Rotarians have mobilized by the hundreds of thousands to ensure that children are immunized against this crippling disease and that surveillance is strong, despite the poor infrastructure, extreme poverty, and civil strife of many countries. Since the PolioPlus Program’s inception in 1985, more than two billion children have received oral polio vaccine.
To date, 210 countries,
territories and areas around the world are polio free and 134 of these
have been certified. As of June 2007, Rotary has committed more
than $633 million to global polio eradication.
$23.7 million. (includes PolioPlus Partners grants)
“Rotary’s PolioPlus program is a shining example of the achievements made possible by cooperation between the United Nations and nongovernmental organizations.” - Former UN Secretary-General Kofi Annan
PolioPlus Partners is a program that allows Rotarians to participate in the polio eradication effort by contributing to specific social mobilization and surveillance activities in polio-endemic countries. As of 30 June 2007, over 6,000 clubs in 502 districts have contributed to 470 PolioPlus Partners projects, supporting National Immunization Days and other polio eradication activities around the world.
What exactly is polio?
Help eradicate polio
If polio isn’t eradicated, the world will continue to live under the threat of the disease. More than 10 million children will be paralyzed in the next 40 years if the world fails to capitalize on its US$4 billion global investment in eradication.
Challenges to polio eradication
Health experts agree that these primary challenges must be overcome in order to reach the goal of polio eradication:
PolioPlus Partners Challenge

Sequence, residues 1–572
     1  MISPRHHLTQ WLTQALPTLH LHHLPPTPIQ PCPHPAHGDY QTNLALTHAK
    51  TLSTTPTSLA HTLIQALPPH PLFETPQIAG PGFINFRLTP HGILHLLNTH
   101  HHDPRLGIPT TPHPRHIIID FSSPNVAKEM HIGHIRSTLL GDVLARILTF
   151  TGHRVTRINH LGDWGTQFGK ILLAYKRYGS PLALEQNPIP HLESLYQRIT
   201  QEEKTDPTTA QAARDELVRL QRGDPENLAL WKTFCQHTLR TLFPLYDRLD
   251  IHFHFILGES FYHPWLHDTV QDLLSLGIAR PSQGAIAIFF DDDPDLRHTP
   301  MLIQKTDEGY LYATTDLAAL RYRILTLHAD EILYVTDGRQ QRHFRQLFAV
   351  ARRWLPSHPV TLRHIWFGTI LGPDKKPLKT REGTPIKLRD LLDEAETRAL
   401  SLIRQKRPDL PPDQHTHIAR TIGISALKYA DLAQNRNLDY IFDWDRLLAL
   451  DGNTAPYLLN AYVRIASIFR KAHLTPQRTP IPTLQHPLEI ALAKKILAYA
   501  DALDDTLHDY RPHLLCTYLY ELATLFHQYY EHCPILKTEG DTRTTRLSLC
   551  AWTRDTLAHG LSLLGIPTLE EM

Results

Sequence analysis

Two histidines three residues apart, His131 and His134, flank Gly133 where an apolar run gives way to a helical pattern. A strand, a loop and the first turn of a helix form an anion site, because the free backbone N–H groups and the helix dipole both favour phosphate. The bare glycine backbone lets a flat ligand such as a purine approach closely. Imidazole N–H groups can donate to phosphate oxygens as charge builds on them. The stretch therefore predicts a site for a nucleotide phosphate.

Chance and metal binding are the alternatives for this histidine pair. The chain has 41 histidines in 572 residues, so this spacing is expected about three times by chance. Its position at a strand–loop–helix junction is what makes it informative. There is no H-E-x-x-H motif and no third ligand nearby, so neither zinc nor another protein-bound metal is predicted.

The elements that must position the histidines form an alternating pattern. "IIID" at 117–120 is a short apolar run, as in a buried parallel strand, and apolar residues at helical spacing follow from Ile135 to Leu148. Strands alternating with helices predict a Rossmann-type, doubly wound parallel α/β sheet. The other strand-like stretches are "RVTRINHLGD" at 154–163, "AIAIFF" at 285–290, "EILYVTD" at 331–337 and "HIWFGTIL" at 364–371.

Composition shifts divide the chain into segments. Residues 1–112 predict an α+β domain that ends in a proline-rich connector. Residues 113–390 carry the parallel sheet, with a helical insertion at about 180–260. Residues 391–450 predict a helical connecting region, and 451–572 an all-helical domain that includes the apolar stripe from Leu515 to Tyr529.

Progress – Polio Eradication IS Realistic: The technical feasibility of eradicating wild-type poliovirus was confirmed in October 1999 when the last case of paralytic polio due to wild poliovirus type 2 (1 of 3 types) was detected anywhere in the world. By 2002, the feasibility of eradication was reaffirmed by certification of eradication of all 3 wild poliovirus types in three of the six World Health Organization (WHO) Regions.1
The Case – Completing Polio Eradication: In 2006, only four countries still had wild-type poliovirus, limited to small geographic regions of Afghanistan, India, Nigeria, and Pakistan. This war on polio will not be won until the last case of polio is gone.2 This must be done as quickly as possible.
PolioPlus: Rotary launched the PolioPlus program in 1985 and contributions to the PolioPlus Fund continue to support the most essential components of polio eradication activities in our partnership with the World Health Organization (WHO), Centers for Disease Control and Prevention (CDC), and UNICEF. With Rotary’s community-based network worldwide, Rotary is the volunteer arm of the global partnership dedicated to eradicating polio.